Is Infidelity a Gender Issue?

Sep 24, 2008 • Lifestyle, Research, The Media on Sex

In August, architecture critic and author Philip Nobel wrote a piece for Elle about his affair with his twenty-something research assistant and subsequent divorce from his wife of ten years. The response online, particularly from women, was huge. Run a search for “Philip Nobel” and you’ll find freelance journalist Lindsay Beyerstein’s “Worst Person On Earth” treatise among the top three.

Worst person on earth. I could expect that sort of reaction from Nobel’s ex-wife in a moment of rightful rage, but from someone unrelated to the situation? The consensus at Jezebel, Gawker Media’s excellent women’s pop culture blog, which covered the story over the course of August, is that Nobel is an entitled creep who is trying to excuse his behavior and somehow prove he has come a long way thanks to his recklessness (and cheap comparisons to his twenty-something former mistress, whose naïveté now is evident to him in his new-found maturity).

“Nobel said that his piece in Elle was about ‘the burden of being a lightning rod for the fears of women and the resentments of burdened men,'” writes Jezebel editorial assistant Jessica Grose. “The implication there is that all married men, even the ones who are happily married, are burdened by the responsibility placed on them by their nagging harpy wives.”

“Lots of women are afraid of getting dumped for a younger model,” Anna North concedes, “and when someone does this, we’re not exactly going to be thrilled.” She has more to say in another piece:

What Nobel did may not be ‘contagious,’ but it happens often enough to make a lot of women worry. We worry that a man will do grown-up things with us, like marry and have kids, or just fall in love and make us feel safe, and then he’ll announce that he never really grew up at all and that he needs to go back to his twenties, with a twenty-something girlfriend to match. […] Of course, none of this is solely Nobel’s fault. It’s the fault of a culture that trumpets the sanctity of marriage while painting male fidelity as lame. And that casts older women as unsexy and unsexual. The solution to this problem isn’t to force people like Nobel to stay in unhappy marriages — it’s to understand the sexual double standard that makes women feel so vulnerable, and to set about changing it.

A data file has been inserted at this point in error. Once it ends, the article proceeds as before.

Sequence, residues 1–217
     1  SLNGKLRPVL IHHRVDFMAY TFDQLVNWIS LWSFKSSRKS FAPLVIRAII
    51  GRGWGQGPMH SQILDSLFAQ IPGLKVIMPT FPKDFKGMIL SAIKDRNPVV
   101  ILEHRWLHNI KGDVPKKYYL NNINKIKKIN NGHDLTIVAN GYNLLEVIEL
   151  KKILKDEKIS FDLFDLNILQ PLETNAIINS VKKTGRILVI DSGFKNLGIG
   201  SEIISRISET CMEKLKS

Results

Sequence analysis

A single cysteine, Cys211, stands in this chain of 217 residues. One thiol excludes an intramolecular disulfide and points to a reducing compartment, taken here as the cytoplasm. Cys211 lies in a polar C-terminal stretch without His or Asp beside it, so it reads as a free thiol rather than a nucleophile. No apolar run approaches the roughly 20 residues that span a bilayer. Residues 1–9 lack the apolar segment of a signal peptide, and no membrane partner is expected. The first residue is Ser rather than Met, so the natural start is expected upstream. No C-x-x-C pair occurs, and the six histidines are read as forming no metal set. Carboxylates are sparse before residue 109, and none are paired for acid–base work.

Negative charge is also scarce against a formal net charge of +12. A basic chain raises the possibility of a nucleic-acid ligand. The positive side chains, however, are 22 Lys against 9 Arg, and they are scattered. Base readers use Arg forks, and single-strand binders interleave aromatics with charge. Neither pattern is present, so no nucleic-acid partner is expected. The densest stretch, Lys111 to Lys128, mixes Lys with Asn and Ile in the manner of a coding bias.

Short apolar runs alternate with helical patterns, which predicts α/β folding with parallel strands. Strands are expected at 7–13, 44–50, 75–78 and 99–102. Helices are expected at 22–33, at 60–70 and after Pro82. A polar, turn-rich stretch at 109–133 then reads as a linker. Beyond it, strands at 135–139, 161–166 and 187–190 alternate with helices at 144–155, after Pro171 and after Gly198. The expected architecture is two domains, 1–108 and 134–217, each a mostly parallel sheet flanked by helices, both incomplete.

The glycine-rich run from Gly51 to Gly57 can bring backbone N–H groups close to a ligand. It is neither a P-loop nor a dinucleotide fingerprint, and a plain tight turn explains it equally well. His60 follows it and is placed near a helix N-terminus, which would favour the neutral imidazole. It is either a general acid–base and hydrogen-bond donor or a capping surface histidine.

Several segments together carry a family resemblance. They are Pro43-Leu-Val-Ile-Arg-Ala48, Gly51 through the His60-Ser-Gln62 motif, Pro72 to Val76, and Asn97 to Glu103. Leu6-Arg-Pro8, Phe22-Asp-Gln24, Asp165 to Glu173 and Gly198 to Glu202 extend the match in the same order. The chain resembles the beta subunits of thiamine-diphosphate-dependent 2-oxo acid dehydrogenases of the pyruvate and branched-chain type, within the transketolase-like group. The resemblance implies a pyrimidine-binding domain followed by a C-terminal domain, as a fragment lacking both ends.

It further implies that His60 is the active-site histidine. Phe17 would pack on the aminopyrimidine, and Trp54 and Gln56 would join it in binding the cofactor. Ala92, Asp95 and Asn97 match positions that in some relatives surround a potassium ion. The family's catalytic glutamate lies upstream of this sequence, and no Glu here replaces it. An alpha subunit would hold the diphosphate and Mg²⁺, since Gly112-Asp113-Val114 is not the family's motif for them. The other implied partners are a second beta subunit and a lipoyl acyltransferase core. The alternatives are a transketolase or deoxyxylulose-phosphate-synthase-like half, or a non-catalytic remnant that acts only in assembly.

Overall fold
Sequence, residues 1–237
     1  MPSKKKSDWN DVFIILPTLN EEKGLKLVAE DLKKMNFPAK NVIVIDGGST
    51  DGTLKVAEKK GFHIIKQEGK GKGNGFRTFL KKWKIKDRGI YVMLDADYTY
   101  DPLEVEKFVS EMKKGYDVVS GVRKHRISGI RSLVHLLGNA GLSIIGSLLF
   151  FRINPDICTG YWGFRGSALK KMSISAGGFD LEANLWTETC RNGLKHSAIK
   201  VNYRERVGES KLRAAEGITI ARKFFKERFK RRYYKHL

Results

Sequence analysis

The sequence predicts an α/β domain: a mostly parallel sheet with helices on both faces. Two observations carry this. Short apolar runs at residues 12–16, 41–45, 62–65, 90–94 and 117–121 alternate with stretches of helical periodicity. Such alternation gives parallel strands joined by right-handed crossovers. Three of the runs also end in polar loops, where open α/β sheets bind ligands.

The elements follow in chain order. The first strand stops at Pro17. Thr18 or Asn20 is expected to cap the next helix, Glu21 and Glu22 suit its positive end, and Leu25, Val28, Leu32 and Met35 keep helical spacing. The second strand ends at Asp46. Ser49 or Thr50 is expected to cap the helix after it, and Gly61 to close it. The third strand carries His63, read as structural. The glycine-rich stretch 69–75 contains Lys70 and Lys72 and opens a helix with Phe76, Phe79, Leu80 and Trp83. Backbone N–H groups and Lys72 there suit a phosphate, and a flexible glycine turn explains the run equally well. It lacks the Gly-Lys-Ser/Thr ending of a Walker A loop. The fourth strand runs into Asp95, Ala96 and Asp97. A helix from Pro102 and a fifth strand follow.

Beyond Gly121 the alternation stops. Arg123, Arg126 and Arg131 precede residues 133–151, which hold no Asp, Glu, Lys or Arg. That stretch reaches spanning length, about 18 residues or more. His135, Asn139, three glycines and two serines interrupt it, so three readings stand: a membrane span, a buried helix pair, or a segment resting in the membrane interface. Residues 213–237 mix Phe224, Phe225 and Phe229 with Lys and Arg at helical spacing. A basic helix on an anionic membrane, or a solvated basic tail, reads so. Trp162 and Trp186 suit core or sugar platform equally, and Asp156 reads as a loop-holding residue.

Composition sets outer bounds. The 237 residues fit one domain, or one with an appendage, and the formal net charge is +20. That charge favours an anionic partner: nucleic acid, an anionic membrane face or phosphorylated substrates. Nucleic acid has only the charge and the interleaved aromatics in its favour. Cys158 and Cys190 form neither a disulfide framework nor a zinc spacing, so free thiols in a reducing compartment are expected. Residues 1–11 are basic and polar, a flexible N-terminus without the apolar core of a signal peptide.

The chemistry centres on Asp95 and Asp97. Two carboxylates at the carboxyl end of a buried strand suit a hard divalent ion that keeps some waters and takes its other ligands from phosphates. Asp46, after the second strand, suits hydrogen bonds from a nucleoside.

Funny, until I read it in Jezebel, I didn’t think of this as a gender issue at all.


I found marriage difficult from the beginning. Not unpleasantly so, but enough that when my friends ask me, “how’s married life treating you?” the reply never changes: “it’s somewhere between the bliss and the blitzkrieg.”

Like Nobel, I married someone very different. I’m an insatiably curious information monger, ready to go where the story takes me without so much as an itinerary. My husband is the practical type. He doesn’t retain data he doesn’t need and everything he does is carefully orchestrated. We have different breeds of intelligence. “If we get stranded in the Mojave, I’m glad to know that someone will have thought to pack some water while I’ve been too busy wondering about the impact of Pluto’s demotion on my astrological chart,” I joked when we got married.

I know men who are more like me than my husband — I’ve dated quite a few of them. There’s a reason I didn’t marry them. But I know what Nobel is talking about, too, when he talks about adjusting his diction and editing out the allusions he thought would fly over his wife’s head. And so does my husband. He still confuses Schrödinger with Smirnoff and I still have no idea what a 1003 is or what to do with it. And that’s fine — I never believed my spouse should be everything to me.

But every once in a while, I know we both wish we could talk about those things that inspire us and see the same gleam of excitement in each other’s eyes.